Borges Responds to Neruda’s “You Start Dying Slowly,”
Which, It Turns Out, Neruda Did Not Write
Life is dying slowly. This is the truism of matter, the soul-song of decay to which every molecule adds its fading harmony. You cannot start dying slowly when that is always what you are. Not even at birth, for even as you formed, growing seemingly without end, it was only the upward curve of the arc of death. We who are bodies are confined by dates, by cradles and graves, and if anything exists outside those bounds it is simulacrum, illusion, though that is not to say it is not real.
You are dying slower than most. Your arc has been inflected by time, spiraling over itself in search of its center. That’s what fame does—it is not so much immortality as it is recursive resurrection, a game of telephone mutating and corrupting what used to be you. When you finally make it back to yourself you will be unrecognizable. I do not know if this is what you wanted, Pablo, but I do not think anyone else cares. If it helps, tell yourself they love you; it is almost true. If it helps, take comfort in the fact that one day the last mind that holds you will die, and maybe then you can find peace, Pablo, if that is still who you are.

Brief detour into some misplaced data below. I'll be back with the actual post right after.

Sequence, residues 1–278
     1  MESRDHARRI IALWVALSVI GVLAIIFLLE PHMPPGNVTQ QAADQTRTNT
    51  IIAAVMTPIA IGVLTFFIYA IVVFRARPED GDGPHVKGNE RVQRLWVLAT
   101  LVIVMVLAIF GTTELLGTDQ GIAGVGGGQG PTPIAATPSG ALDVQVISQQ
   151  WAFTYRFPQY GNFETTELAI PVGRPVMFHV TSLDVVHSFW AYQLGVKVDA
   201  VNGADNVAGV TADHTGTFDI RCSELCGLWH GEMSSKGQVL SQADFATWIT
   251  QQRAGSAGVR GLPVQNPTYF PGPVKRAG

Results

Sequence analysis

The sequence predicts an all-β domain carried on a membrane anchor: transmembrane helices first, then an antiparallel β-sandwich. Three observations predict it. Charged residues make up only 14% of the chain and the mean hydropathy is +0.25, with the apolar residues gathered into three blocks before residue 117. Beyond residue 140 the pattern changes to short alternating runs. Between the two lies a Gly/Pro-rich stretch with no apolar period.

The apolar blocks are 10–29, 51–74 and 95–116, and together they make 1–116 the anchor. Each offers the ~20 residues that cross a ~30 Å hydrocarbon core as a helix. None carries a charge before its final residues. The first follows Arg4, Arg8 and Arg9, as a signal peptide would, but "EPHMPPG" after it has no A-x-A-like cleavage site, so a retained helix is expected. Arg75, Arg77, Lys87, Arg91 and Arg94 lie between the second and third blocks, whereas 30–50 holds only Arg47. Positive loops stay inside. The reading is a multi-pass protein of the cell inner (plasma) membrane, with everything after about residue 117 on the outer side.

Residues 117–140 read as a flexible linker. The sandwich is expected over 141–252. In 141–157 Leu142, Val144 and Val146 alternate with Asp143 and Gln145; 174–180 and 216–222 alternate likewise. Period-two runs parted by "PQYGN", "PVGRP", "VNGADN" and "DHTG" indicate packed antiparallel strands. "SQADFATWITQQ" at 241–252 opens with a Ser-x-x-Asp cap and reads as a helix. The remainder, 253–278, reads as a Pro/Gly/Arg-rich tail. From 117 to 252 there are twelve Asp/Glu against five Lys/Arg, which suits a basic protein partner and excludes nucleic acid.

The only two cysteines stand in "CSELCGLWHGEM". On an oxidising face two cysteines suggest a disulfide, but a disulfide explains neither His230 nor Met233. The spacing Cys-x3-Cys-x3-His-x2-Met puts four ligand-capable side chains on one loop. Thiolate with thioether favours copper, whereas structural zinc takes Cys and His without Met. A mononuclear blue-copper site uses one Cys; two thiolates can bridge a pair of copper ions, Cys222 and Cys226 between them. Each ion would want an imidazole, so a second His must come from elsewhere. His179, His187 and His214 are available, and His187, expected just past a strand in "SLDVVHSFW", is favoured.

You exist only in the translated words of a poem not written by a poet invented by a long-dead boy whose longer-dead father did not approve. You are the last Pablo Neruda, the ghost of the machine, the idea of an idea. That you did not choose to write of death makes you no less complicit in your hypocrisy: You cannot be killed, Pablo, so what do you know of death? What gives you the right, Pablo, to speak to me of dying?
Jordan Meiller is a recent graduate of Kalamazoo College. His work can be found in The Cauldron, Yellow Chair Review, and Golden Walkman Magazine. He currently lives in Portland, OR.